14 Dec 2016: Go and Tell What You Have Seen and Heard


Wednesday, 3rd Week of Advent

Is 45:6-8, 18, 21-25; Ps 85: 9 & 10, 11-14; Lk 7: 18b-23

The question of the messenger from John the Baptist is whether Jesus is the “Messenger of Yahweh” (Mal 3:1). In his reply Jesus draws attention to the deeds of mercy. In fact, according to Luke’s narrative, Jesus cured the sick and restored sight to the blind from these messengers of John (7:21) so that they may become witnesses to John of Jesus’ ministry of mercy.

In Luke 7: 22 we have references to the signs of the new age as promised by Isaiah: the blind would see (Is 35:5) and deaf hear (Is 35: 5), the lame walk (Is 35:6) and the dead would be raised up (Is 26:19). The cleansing of the leprosy patients refers to Jesus action in Luke 5: 12-16. Finally, it is all summed up that the good news is preached to the poor.

Jesus must have been aware of the fact that he was fulfilling the prophecies and expectations of Scripture but it does not seem to have mattered to him who was fulfilling them. When, according to the Gospels, John’s disciples ask him whether he is the one who is to come, he does not answer the question directly, he simply points out what is now happening: “The blind see again and the lame walk, lepers are cleansed…. and the Good News is proclaimed to the poor” (Luke 7: 22).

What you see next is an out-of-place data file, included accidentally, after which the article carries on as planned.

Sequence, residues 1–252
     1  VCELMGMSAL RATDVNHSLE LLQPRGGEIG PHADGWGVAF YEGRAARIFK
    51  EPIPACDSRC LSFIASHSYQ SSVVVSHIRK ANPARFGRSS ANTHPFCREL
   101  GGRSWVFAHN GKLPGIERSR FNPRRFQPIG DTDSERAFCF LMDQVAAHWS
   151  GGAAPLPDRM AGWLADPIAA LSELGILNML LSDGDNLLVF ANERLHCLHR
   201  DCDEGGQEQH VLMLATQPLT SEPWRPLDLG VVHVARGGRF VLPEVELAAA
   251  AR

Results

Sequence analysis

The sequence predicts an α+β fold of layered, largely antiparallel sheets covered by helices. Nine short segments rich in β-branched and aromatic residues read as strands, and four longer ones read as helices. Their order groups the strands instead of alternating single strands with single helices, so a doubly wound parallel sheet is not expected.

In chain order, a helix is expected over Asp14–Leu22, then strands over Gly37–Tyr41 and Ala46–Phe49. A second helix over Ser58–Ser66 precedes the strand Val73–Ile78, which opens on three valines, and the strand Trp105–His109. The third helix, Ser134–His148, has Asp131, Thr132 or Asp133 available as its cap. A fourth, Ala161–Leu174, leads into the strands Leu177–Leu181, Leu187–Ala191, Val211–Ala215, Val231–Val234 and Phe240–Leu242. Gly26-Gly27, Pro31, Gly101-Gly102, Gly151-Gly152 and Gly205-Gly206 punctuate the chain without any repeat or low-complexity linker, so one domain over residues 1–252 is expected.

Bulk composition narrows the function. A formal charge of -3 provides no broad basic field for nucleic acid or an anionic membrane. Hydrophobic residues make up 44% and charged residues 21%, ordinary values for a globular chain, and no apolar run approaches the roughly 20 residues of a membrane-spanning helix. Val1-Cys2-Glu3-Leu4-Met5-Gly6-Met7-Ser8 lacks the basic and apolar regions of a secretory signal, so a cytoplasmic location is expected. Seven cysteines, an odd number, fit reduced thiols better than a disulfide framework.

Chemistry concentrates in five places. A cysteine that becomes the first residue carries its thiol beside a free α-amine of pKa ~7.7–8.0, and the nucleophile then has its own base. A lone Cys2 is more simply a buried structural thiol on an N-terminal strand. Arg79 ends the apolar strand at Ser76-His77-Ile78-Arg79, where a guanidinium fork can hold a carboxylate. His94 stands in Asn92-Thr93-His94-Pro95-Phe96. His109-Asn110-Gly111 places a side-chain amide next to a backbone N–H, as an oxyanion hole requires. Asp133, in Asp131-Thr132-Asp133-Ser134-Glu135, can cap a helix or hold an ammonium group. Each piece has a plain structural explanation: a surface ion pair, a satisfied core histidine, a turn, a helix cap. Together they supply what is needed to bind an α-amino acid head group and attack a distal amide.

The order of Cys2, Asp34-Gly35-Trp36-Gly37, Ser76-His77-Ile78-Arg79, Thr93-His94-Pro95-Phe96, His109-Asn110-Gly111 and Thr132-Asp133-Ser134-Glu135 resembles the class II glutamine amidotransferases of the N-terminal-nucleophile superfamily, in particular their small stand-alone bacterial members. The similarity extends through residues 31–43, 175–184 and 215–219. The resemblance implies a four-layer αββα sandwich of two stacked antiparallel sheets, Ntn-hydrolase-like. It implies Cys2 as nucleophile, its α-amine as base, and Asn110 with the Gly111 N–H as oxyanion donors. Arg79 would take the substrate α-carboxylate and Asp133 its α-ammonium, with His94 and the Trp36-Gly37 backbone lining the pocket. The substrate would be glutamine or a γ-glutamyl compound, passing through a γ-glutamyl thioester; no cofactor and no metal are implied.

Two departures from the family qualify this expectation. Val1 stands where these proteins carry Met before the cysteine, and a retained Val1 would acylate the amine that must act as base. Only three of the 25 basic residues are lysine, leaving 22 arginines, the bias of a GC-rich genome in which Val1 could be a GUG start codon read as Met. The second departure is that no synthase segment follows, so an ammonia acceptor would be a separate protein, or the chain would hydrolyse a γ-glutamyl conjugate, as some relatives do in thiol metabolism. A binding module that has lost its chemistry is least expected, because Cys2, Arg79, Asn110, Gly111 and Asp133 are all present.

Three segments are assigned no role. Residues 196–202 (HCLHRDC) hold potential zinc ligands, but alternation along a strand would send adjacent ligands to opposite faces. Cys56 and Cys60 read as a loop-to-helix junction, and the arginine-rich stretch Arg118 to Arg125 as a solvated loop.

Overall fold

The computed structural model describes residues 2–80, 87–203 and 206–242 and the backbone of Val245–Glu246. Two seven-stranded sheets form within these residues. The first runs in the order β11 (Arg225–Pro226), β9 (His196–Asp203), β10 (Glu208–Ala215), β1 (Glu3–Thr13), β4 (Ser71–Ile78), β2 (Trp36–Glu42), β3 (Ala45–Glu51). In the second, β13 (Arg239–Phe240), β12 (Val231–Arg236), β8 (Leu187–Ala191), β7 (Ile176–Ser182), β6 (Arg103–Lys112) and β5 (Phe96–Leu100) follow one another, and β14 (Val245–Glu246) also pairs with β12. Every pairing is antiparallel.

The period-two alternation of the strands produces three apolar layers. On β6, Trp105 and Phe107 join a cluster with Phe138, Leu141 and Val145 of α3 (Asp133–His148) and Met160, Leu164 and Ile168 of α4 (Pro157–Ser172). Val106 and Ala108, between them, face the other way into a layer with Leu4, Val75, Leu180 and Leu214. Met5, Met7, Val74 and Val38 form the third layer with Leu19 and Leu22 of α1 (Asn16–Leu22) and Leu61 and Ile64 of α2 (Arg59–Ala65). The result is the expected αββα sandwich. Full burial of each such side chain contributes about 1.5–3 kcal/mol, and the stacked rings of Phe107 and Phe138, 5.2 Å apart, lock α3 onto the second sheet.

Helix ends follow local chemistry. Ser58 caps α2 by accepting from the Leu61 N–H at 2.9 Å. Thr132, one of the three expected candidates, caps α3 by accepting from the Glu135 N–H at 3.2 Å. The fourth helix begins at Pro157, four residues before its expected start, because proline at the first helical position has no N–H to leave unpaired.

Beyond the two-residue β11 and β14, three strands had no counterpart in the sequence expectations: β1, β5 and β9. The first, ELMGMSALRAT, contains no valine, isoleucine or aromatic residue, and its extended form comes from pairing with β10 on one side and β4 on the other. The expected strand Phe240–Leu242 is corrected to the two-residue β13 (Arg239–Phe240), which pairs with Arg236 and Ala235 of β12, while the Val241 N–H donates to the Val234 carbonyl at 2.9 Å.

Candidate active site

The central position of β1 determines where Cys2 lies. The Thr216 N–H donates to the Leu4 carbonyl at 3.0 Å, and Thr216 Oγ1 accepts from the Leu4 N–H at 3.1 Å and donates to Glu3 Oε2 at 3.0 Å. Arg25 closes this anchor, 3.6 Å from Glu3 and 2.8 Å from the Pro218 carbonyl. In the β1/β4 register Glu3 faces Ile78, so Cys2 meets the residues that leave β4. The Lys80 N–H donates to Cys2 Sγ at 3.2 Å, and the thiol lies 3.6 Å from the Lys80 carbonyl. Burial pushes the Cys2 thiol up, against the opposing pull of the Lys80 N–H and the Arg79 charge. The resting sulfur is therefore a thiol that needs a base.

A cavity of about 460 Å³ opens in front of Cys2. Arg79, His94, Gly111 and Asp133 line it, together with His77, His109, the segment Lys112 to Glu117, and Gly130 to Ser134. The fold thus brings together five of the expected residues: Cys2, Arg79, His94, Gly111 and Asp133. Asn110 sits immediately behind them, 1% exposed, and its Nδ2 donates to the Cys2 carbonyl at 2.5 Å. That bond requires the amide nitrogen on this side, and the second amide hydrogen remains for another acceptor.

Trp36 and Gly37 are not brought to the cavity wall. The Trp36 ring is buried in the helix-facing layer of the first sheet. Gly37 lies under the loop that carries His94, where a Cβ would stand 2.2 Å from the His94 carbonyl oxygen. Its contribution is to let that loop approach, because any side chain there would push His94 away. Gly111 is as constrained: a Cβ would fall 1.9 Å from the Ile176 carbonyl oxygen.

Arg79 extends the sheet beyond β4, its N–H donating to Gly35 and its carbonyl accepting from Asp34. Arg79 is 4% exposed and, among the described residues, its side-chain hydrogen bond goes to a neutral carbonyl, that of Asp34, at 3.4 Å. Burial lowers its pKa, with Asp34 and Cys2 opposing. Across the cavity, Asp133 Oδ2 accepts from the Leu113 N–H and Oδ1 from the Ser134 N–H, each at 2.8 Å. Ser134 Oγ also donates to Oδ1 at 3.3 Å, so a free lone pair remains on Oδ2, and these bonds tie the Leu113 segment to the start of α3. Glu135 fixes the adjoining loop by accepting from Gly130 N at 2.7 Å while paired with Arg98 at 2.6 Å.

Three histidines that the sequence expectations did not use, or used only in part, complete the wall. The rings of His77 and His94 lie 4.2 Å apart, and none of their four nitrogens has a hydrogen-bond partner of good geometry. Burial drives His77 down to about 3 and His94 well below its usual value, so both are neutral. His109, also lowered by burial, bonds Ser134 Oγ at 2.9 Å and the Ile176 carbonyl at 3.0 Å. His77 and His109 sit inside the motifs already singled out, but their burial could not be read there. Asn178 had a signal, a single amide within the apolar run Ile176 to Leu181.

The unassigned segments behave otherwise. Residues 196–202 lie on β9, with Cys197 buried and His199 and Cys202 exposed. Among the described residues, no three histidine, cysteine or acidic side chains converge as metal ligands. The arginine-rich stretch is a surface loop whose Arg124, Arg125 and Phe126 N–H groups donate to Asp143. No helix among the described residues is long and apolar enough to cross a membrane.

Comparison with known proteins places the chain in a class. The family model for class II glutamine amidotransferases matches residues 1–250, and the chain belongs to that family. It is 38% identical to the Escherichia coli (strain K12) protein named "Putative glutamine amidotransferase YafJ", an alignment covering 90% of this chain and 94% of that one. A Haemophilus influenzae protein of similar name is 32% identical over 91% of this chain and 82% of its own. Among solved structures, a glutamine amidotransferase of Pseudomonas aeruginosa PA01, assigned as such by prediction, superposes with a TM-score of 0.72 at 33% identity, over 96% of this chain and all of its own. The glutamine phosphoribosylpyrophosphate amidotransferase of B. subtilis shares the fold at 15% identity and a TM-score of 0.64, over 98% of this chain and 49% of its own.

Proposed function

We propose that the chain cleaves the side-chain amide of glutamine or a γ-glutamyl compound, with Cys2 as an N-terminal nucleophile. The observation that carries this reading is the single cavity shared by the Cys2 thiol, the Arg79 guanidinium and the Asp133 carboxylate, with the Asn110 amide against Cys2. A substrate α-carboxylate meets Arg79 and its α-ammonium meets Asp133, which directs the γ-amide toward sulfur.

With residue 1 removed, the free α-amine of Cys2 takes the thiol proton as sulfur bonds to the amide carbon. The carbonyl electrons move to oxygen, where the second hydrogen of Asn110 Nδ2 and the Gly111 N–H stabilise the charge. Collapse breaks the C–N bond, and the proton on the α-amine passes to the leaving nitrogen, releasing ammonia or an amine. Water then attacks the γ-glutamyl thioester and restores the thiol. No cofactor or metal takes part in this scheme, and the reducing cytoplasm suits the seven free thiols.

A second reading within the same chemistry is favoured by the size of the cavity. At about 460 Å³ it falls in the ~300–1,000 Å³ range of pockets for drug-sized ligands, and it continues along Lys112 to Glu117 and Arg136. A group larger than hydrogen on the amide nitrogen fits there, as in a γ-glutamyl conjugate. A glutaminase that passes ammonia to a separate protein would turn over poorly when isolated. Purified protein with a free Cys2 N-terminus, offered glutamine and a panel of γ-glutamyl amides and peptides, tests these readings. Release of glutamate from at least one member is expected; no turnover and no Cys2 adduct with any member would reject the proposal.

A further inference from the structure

He does not say, “I give sight to the blind, I am proclaiming the Good News to the poor”. What matters is that the, people are liberated and saved. Who does it is irrelevant. Jesus believed that it is God the Father’s work and I am only a servant. This is absolute kenosis.

Jesus wanted his disciples to go out and do the same as he had done. It never occurred to him to stop anyone, even complete strangers, from participating in the works of liberation (Mk 9: 38-40). Jesus’ only concern was that the people be liberated. The only concern of the Good Samaritan was that the victim must be healed at the earliest; for that he takes the help of the innkeeper and even pays from his pocket. There is no ego in the Good Samaritan.  The story teaches us that the leader provides healing space and invites the subordinates to utilize their gifts and capabilities to heal the wounds of humanity without making them as servants or slaves. They are partners. We are invited to learn the humility and self-emptying attitude of Jesus from this passage.

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